Amid the thick brush of international economic and political gatherings, the Asia-Pacific Economic Cooperation forum has always been a sort of second-string operation — attended by heads of state, of course, but as noted for its tribal garb “family photo” of leaders as for its trade or diplomatic breakthroughs.

As one corporate lobbyist recently noted, the group has been derided as “four adjectives in search of a verb,” and there has been little to counter that notion in recent years.

But as the host of this year’s summit in Hawaii, the Obama administration is trying mightily to restore the relevance of a group that knits together the very disparate set of countries and economies that border the Pacific — from Singapore to China, from Peru to Papua New Guinea.

One reason is China. Though the APEC agenda is by definition regional, some of the core issues being pushed by the Obama administration are also high on the list of bilateral economic disputes between the United States and the world’s No. 2 economy.

That includes things such as the manufacture of “green” energy products, an area in which China has used state support and subsidies to try to become the world leader in solar panels, wind turbines and similar goods. U.S. officials hope as well that the APEC nations can agree on common ground rules for some of the methods China has been using to discourage imports and promote local development of software, technology products and other items in which its competitiveness lags.

The United States discusses those issues directly with the Chinese, through meetings such as the recently completed Strategic and Economic Dialogue.

The hope is that by raising the same points in a multilateral forum, and trying to bring Asian and Latin American nations along, China will feel a broader sort of pressure.

“If you have Singapore and Malaysia and others saying the same thing, it helps,” said Dorothy Dwoskin, senior director of global trade policy and strategy for Microsoft.

Technology companies in particular have been worried about Chinese efforts to set local regulations and standards that would favor Chinese businesses over U.S. and European giants such as Microsoft and Cisco.

It’s an ambitious goal for APEC, an organization that was founded in 1989 at Australia’s urging to promote freer trade in the Asia-Pacific region.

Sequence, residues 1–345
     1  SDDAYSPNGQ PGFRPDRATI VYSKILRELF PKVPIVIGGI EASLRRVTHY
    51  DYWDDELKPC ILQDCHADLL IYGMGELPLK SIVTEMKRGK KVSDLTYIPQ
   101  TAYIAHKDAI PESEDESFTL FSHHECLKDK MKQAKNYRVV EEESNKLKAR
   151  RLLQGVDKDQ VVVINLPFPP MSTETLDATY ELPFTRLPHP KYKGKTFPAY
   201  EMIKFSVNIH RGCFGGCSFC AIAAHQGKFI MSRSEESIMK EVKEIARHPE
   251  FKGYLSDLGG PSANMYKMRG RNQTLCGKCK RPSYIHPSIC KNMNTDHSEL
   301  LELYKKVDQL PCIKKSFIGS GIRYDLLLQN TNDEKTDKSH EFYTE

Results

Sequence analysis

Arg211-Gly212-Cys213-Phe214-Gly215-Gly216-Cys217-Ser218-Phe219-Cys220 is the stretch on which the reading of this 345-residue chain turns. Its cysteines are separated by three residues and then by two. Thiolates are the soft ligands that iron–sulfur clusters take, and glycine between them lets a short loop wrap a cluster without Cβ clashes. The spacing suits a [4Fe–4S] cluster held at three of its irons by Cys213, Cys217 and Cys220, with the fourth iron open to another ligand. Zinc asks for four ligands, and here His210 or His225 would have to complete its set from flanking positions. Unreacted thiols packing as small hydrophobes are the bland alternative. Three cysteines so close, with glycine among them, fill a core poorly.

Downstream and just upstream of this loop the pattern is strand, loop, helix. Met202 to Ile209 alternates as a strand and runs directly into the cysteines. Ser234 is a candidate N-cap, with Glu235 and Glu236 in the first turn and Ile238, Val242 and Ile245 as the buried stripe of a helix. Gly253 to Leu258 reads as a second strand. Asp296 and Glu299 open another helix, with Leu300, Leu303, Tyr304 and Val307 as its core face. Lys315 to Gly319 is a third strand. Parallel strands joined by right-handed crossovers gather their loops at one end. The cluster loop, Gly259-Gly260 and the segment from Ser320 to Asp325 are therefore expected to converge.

That has happened — the Asian region is the fastest-growing in the world, and trade among Asian nations has become a key prop of the global economic recovery.

But it is not clear how much APEC has had to do with that, as opposed to the influence of the numerous free-trade agreements negotiated throughout Asia, China’s internal shift toward economic openness, the expansion of membership in the World Trade Organization, or the end of the Cold War.

APEC has no enforcement tools or regulatory authority like the WTO, and lacks even the formal diplomatic energy that has compelled organizations such as the Group of 20 economic powers to produce at least a minimal set of “deliverables” at each summit.

What APEC has are meetings — and plenty of them.

There are 57 APEC sessions scheduled for this year, according to its current calendar. That includes a full six weeks’ worth of meetings in Washington, Montana and San Francisco among the senior officials preparing for the November leaders summit in Hawaii, and a separate summit on women and the economy set for September.

There is value in the sessions, said Michael W. Michalak, former U.S. ambassador to Vietnam and senior adviser to the U.S. APEC host committee.

In particular, the forum has tried to develop a stronger business presence, so that major firms from member countries have a way to talk to one another and to the various governments.

That effort, he said, is already proving its worth, as businesses confer over how to develop common standards in their countries and discuss the complexities of managing a more open world economy, with increasingly globalized supply-and-production chains.

That conversation, he said, is well beyond what more formal, regulatory bodies such as the WTO can deliver.

“The WTO is arguing about 10-year-old cases, and we are talking about what’s happening today,” Michalak said.